Bil­lion­aires chase fu­sion en­ergy goal

The Modesto Bee (Sunday) - - News - BY JONATHAN TIRONE Bloomberg

Not long be­fore he died, tech vi­sion­ary Paul Allen traveled to the south of France for a per­sonal tour of a 35-coun­try quest to repli­cate the work­ings of the Sun. The goal is to one day pro­duce clean, al­most lim­it­less en­ergy by fus­ing atoms to­gether rather than split­ting them apart.

The Mi­crosoft co-founder said he wanted to view the early stages of the In­ter­na­tional Ther­monu­clear Ex­per­i­men­tal Re­ac­tor in Cadarache first­hand, to wit­ness prepa­ra­tions “for the birth of a star on Earth.”

Allen wasn’t just a by­stander in the hunt for the holy grail of nu­clear power. He was among a grow­ing num­ber of ul­tra-rich clean-en­ergy ad­vo­cates pour­ing money into star­tups that are rush­ing to pro­duce the first com­mer­cially vi­able fu­sion re­ac­tor long be­fore the $23 bil­lion ITER pro­gram’s mid­cen­tury fore­cast.

Jeff Be­zos, Bill Gates and Peter Thiel are just three of the bil­lion­aires chasing what the late physi­cist Stephen Hawk­ing called hu­mankind’s most promis­ing tech­nol­ogy. Sci­en­tists have long known that fu­sion has the po­ten­tial to rev­o­lu­tion­ize the en­ergy in­dus­try, but de­vel­op­ment costs have been too high for all but a hand­ful of gov­ern­ments and in­vestors. Re­cent ad­vances in ex­otic ma­te­ri­als, 3D print­ing, ma­chine learn­ing and data pro­cess­ing are all chang­ing that.

“It’s the SpaceX mo- ment for fu­sion,” said Christofer Mowry, who runs the Be­zos-backed Gen­eral Fu­sion Inc. near Van­cou­ver, Bri­tish Columbia. He was re­fer­ring to Elon Musk’s reusable­rocket maker. “If you care about cli­mate change, you have to care about the time scale and not just the ul­ti­mate so­lu­tion. Gov­ern­ments aren’t work­ing with the ur­gency needed.”

The com­pany Allen sup­ported, TAE Tech­nolo­gies, stood alone when it was in­cor­po­rated as Tri-Al­pha En­ergy two decades ago. Now it has at least two dozen ri­vals, many fi­nanced by in­vestors with a track record of dis­rup­tion. As a re­sult, there’s been an ex­plo­sion of dis­cov­er­ies that are driv­ing the kind of com­pe­ti­tion needed for a trans­for­ma­tional break­through, ac­cord­ing to Mowry.

One of the clear­est mea­sures of progress in the field was on dis­play last week in Gand­hi­na­gar, In­dia, where the Vi­ennabased In­ter­na­tional Atomic En­ergy Agency held its bi­en­nial fu­sion fo­rum. The con­fer­ence high­lighted a record 800 peer­re­viewed re­search pa­pers, 60 per­cent more than a decade ago.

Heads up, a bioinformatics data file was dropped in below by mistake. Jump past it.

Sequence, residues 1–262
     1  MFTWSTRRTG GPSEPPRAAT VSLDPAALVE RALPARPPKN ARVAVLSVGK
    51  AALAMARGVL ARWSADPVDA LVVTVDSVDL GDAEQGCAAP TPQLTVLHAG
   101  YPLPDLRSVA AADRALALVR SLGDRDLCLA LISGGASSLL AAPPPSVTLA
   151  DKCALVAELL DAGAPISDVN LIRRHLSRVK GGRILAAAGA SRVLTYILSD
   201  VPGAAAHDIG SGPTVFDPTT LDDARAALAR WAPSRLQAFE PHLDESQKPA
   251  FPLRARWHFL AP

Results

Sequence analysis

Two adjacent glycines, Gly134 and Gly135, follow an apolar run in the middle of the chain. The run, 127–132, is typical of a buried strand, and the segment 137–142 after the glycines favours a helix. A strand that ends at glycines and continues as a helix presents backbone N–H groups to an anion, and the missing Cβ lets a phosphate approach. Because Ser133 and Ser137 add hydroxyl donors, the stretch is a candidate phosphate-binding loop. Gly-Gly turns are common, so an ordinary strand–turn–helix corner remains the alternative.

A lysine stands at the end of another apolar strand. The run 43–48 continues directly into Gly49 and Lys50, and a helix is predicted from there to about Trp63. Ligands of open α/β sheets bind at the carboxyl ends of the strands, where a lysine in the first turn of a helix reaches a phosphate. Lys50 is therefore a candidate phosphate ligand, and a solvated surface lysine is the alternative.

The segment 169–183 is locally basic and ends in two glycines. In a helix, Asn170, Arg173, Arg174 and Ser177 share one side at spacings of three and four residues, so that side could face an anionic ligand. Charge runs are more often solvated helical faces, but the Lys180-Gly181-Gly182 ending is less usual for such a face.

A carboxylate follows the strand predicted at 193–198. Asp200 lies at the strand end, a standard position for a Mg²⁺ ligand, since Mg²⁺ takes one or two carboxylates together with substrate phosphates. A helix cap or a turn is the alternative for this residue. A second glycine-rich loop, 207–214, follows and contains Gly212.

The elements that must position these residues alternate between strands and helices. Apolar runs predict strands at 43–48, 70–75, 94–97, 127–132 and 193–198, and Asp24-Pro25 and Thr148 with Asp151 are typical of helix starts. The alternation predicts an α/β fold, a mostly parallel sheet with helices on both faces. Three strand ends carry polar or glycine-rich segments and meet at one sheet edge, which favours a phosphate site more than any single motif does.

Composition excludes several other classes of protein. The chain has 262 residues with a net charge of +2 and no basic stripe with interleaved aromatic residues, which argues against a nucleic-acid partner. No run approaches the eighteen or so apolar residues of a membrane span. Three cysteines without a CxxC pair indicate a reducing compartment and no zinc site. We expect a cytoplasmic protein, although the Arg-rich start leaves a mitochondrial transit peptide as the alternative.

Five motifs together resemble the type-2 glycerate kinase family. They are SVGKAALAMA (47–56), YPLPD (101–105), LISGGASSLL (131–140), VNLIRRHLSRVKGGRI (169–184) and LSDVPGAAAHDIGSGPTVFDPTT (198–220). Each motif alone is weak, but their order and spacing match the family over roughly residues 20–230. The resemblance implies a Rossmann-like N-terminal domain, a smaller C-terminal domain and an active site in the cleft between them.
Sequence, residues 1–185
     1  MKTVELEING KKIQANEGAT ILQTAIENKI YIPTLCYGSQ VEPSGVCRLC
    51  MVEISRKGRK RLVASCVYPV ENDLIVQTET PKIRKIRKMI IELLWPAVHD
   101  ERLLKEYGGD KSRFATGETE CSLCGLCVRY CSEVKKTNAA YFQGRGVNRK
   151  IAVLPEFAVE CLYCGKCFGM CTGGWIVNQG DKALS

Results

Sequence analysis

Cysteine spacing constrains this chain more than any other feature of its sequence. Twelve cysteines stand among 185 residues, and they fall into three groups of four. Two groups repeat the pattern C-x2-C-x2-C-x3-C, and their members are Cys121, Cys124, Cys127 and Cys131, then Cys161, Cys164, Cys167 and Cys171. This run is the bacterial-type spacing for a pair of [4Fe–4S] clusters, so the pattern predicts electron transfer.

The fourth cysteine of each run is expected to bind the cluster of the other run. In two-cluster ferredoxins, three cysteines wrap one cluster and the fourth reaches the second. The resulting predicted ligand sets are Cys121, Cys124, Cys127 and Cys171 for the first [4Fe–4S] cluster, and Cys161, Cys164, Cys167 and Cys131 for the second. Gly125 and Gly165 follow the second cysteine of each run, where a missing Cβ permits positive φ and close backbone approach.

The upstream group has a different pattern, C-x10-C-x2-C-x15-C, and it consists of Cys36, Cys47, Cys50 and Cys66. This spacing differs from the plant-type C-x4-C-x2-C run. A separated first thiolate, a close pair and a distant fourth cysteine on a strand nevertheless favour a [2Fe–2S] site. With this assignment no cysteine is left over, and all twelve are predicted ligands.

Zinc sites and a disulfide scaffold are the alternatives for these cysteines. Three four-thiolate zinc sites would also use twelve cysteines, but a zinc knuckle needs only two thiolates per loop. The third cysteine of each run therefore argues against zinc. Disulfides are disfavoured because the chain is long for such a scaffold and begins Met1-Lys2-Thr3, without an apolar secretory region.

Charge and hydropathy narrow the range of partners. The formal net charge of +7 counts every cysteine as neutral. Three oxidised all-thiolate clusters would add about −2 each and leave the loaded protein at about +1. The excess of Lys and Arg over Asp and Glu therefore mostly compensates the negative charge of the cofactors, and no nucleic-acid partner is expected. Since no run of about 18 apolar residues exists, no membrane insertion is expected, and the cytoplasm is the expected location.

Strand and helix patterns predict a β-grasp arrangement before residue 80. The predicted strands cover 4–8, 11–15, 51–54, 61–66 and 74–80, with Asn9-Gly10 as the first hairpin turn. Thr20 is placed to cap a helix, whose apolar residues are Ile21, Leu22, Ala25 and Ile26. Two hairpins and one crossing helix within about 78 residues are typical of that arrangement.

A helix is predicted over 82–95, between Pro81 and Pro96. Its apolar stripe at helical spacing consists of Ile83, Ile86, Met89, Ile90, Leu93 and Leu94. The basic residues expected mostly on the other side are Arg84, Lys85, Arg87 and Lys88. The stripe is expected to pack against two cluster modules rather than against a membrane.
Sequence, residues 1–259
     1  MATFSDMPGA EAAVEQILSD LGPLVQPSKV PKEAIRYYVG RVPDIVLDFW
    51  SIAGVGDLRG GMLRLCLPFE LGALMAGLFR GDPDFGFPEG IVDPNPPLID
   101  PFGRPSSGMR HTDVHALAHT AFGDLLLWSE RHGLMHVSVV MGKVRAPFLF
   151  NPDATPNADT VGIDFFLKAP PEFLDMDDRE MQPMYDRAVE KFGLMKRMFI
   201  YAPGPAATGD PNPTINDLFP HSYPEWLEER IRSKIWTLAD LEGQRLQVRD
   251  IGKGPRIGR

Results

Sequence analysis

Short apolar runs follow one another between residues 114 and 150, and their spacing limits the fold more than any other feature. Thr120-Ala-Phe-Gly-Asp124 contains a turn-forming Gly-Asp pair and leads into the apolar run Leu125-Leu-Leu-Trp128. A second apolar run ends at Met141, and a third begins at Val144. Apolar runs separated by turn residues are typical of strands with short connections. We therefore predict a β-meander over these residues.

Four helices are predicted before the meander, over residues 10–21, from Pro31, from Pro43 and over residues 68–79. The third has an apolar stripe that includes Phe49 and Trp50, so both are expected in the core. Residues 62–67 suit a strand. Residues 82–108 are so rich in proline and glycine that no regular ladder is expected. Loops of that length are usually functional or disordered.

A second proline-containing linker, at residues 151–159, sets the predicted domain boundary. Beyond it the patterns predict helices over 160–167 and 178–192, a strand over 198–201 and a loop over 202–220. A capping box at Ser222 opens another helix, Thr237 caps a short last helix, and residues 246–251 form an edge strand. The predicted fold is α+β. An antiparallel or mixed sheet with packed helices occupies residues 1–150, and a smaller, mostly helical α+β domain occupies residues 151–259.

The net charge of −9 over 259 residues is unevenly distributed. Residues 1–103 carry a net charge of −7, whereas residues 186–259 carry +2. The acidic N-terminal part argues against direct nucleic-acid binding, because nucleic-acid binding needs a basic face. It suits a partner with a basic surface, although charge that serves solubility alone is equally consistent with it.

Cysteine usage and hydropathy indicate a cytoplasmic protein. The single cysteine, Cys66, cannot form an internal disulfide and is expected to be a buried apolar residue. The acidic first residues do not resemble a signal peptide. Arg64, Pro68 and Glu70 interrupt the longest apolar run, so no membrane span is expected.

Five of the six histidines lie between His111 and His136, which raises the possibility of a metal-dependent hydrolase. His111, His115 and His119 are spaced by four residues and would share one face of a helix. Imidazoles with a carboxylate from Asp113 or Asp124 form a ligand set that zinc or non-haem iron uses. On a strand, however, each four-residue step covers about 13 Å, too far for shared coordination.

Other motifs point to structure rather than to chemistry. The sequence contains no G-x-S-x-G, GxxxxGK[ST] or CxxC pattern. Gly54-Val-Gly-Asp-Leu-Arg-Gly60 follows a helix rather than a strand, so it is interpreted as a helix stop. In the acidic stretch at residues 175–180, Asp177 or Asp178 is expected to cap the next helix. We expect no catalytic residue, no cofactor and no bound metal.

Fu­sion it­self isn’t the prob­lem. The tricky part is gen­er­at­ing more en­ergy than is used in the process. Such re­ac­tors have to mimic con­di­tions found only in deep space, a much more com­plex and costly en­deavor than fis­sion. Heat­ing plasma to tem­per­a­tures higher than those of stars and then con­tain­ing the en­su­ing re­ac­tions in­side cryo­genic cool­ing ves­sels can re­quire a mil­lion parts or more.

Even if com­mer­cial fu­sion takes longer than ex­pected to achieve, many in­no­va­tions pro­duced along the way will prove lu­cra­tive on their own, ac­cord­ing to IP Group, a Lon­don-based in­vestor in in­tel­lec­tual prop­erty. Re­search firms are al­ready mint­ing patents to pro­tect their cre­ations, from soft­ware that sim­u­lates plasma burn­ing at 150 mil­lion de­grees Cel­sius (270 mil­lion Fahren­heit) to a new type of mag­net that has ap­pli­ca­tions in health care.

“There’ll still be sig­nif­i­cant resid­ual value,” said Robert Tre­zona, who over­sees IP Group’s in­vest­ment in First Light Fu­sion, a com­pany near Ox­ford Uni­ver­sity whose ad­vi­sory board in­cludes for­mer U.S. En­ergy Sec­re­tary Steven Chu. “It would have been in­con­ceiv­able for a small com­pany like First Light to make ad­vance­ments in fu­sion sciences 20 years ago.”


A small-scale plasma in­jec­tor at Gen­eral Fu­sion head­quar­ters in Burn­aby, Bri­tish Columbia, is at the heart of an at­tempt to safely gen­er­ate fu­sion en­ergy.

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